America’s long roads seem to have more spooks than GCHQ, every journey down them offering a potential encounter with a ghoul, zombie, werewolf or reanimated, stinky pet cat.
Buckout Road, in Westchester County in New York State, is the latest to make you wish you’d stayed at home with a good horror film (perhaps this one?).
This is a movie about urban legends. It’s uneven, but it’s often great fun and also quite clever, with its student protagonists not just looking at the mix of terrifying true stories and later embellishments that seed them, but also breaking them apart to the evil behind that stalks unbelievers (if you believe in that sort of thing…)
Hysteria or haunting? Urban myths or monsters? In this case the devil really is in the detail. There’s clearly a link with modern times, and as the students start to investigate, past events in their lives become key to the story.
Teacher Stephanie Hancock (Mayko Nguyen) tasks her class with looking into local urban legends and the stories behind them for a project titled The creation and destruction of modern myth. Most of her students aren’t interested, now that god is pretty much dead, but before they can really get started the small town has its its own modern mystery, when Stephanie – plagued by terrifying dreams – sleepwalks from her home in her white nightdress and hangs herself from a tree on Buckout Road.
Her pupil Cleo (Dominique Provost-Chalkley) is devastated, her death coming five years after Cleo’s mother unexpectedly died by suicide; her father Roy (Henry Czerny), the local police chief, is chilly and unapproachable.
He does send her back to her previous psychiatrist though, Dr Laurence Powell (Danny Glover), who was a pastor until his daughter died and he lost his faith. Since then he’s been the arms-length guardian of his grandson Aaron (Evan Ross), who after boarding school and Naval post-graduate college is now back home, still confused and angry over his grandfather’s treatment of him.
Soon Cleo, Aaron and Cleo’s friends, twins Erik (Kyle Mac) and Derek (Jim Watson) are having nightmares, that seem to closely follow three well-known legends of Buckout Road (it is a real road and it is claimed to be the most haunted road in America; the three legends referenced in this movie are genuine).
Derek and Erik, fraternal twins who shall henceforth be known jointly as Derik, as I missed the bit where it was explained who was who, are having the same dream, an enjoyably trope-filled, 1970s slasher movie dream. Crackles and pops litter the footage, as they’re attacked by twin albino cannibals when they should be getting blowjobs from the pretty girls they’ve brought with them.
Derik are great fun though, weed-loving brothers clearly known for being daft slackers. It does feel like a town where exasperated adults look after its youth, apart from the death stalking the streets bit.
Much of the humour comes from Derik, whether their movie nightmare, bribing a straight-laced librarian with weed, or sleepwalking into the forest one night, wearing matching pyjamas.
They maintain their disbelief longest, even as they know weird stuff is happening to them: “you think we hurt Evil’s feelings?” laughs Derik, and he’s probably right.
The gruesome deaths mount, even as the four students discover that the stories they know about Buckout Road aren’t even accurate. I liked their debunking of the idea that witches were always burned at the stake, when most people executed for witchcraft, and all in the US, were actually hanged. Not that such modern revisionism helps Cleo, Aaron, and Derik.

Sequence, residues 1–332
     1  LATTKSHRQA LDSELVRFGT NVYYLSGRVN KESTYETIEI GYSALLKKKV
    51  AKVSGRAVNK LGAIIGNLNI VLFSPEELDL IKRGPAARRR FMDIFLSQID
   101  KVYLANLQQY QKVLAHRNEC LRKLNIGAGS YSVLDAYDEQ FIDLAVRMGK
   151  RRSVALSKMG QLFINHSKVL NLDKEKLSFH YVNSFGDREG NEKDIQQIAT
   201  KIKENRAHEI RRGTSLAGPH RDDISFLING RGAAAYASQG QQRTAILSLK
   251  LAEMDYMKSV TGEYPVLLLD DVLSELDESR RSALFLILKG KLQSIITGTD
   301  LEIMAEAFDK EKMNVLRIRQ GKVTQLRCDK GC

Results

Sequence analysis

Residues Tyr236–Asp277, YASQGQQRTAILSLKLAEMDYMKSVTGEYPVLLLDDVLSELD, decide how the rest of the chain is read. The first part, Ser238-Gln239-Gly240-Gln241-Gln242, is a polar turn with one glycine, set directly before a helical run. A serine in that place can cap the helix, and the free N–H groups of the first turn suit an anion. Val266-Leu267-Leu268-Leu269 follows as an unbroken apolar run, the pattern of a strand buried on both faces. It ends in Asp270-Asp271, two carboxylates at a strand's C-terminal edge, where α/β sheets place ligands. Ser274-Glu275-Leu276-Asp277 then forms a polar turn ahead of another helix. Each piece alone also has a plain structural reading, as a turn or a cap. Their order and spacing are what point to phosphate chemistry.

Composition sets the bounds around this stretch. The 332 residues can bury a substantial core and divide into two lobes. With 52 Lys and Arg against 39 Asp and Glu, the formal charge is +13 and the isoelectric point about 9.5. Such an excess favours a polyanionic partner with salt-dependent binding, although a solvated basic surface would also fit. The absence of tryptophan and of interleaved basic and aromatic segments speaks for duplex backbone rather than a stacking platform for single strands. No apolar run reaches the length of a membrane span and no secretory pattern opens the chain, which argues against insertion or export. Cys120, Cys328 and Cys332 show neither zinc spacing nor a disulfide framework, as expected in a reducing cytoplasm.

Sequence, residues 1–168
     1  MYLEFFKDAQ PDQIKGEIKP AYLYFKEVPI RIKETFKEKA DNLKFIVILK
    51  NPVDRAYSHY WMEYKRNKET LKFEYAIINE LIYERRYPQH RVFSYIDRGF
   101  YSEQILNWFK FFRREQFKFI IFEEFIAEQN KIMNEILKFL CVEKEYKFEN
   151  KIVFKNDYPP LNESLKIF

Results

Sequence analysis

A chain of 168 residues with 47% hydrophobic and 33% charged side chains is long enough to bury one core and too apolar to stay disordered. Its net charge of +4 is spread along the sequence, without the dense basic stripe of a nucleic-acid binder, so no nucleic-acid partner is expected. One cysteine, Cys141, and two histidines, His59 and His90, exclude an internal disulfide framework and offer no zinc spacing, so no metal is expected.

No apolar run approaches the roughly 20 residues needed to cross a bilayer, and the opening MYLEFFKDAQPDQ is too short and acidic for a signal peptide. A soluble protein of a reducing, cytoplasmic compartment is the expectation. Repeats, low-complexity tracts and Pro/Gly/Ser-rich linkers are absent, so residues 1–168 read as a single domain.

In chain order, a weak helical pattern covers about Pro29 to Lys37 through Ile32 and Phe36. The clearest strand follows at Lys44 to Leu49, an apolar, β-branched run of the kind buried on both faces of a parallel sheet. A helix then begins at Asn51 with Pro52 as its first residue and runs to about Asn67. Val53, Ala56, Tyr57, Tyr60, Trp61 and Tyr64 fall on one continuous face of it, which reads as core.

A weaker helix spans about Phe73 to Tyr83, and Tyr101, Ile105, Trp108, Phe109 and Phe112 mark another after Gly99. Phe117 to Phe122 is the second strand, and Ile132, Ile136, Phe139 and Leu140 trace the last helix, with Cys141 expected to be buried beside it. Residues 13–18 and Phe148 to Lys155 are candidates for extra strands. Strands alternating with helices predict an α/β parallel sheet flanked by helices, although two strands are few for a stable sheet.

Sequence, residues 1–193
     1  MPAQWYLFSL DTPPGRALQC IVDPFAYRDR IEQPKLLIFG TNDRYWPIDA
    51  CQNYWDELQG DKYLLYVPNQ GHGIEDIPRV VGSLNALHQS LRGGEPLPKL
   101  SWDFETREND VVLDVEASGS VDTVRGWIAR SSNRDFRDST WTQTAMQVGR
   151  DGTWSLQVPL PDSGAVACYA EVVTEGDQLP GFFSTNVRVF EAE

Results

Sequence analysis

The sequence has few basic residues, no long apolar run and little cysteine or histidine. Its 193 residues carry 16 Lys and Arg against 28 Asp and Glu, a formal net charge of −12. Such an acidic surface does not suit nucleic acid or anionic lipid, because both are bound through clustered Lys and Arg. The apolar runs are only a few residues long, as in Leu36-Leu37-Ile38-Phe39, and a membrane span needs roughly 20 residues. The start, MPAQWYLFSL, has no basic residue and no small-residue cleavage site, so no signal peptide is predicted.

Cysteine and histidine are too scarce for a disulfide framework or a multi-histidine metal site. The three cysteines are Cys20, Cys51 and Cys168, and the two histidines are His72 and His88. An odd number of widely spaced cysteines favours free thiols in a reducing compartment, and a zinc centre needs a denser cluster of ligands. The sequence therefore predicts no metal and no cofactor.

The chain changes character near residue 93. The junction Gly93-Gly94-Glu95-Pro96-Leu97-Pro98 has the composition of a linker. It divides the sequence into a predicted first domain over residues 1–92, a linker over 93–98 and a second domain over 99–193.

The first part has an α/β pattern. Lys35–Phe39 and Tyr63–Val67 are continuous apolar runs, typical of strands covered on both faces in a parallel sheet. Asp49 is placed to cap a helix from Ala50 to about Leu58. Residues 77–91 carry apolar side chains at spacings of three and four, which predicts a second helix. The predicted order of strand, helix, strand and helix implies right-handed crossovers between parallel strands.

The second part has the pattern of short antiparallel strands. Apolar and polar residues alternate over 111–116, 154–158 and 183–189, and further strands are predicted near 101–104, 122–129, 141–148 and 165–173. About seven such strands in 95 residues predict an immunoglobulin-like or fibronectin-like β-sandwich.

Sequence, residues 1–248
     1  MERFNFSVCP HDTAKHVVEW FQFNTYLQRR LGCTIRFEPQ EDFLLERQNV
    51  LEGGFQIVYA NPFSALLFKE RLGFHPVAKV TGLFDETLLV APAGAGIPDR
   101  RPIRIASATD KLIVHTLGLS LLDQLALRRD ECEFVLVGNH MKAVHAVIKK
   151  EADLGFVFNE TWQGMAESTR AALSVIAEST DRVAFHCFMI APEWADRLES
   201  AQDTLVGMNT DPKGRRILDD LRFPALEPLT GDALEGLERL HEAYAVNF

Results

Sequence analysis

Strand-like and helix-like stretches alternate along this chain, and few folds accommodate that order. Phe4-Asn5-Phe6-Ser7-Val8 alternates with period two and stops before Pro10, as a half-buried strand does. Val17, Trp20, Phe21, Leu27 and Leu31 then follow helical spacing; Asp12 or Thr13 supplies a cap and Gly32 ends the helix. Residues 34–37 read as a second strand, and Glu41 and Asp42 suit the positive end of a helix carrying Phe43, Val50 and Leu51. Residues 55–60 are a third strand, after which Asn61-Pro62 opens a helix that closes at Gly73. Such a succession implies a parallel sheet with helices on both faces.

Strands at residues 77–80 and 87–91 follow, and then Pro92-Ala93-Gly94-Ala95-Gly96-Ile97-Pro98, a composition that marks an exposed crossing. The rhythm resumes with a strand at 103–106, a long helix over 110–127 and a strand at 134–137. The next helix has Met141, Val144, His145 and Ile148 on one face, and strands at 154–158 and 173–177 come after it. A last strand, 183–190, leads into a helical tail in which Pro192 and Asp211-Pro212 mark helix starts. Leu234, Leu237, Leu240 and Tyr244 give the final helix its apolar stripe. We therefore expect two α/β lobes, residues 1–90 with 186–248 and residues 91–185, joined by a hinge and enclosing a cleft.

The Curse Of Buckout Road is knowing, while avoiding that increasingly tired ironic examination of why we fear. Occasionally the tonal changes don’t come off (the very last scene is funny but doesn’t really flow from the one immediately preceding it) though most of the time the humour really works.
Local characters are intriguing rather than over-the-top creepy: Colm Feore, who plays the pastor at Laurence’s old church, is ambiguous and hence unnerving whenever he appears.
Particularly effective is the woman in white, the wife of a slave owner who beat her for her affair with a slave and who now patrols the road pulling people to their doom. She’s terrifying as she scuttles backwards through the dark woods, and even her goose-like honking is frightening (geese are quite dangerous though). Then there are the three witches, burned at the stake hundreds of years ago in a clearing off Buckout Road.
Jump scares, even of the creaking door variety, are still chilling to begin with, though they become less effective. Tension sometimes dissipates: the historical flashbacks/dreams often feel lacklustre, particularly the legend of the burning witches. Derik’s cannibal dream works so well precisely because director Matthew Currie Holmes tries something different, leaning into overused slasher movie tropes and the physical degradation of old film. The witch burning doesn’t do enough with supernatural forces, and the third legend – about an attack by John Rawlston on his pregnant wife, replete with racial slurs about her lover – is just unpleasant.
It does feel messy at times, with too many ideas (or maybe the ones there simply aren’t delineated properly). The last act looks cheaper than the rest of the movie, and the denouement is basically someone telling a survivor exactly what happened and why.
This is a sometimes-raggedy horror thriller, but if you can get past the clunky elements (most of which are probably budget-related) there’s a lot of fun to be had in The Curse Of Buckout Road: the understated performances of Glover and Feore; Derik’s good-humoured slacker comedy interludes; and the delicious thrill of urban legends we can deconstruct before finding what lies beneath.
The Curse of Buckout Road is available on digital download in the UK from 28 October
Watch the trailer now and scroll down for images from the film: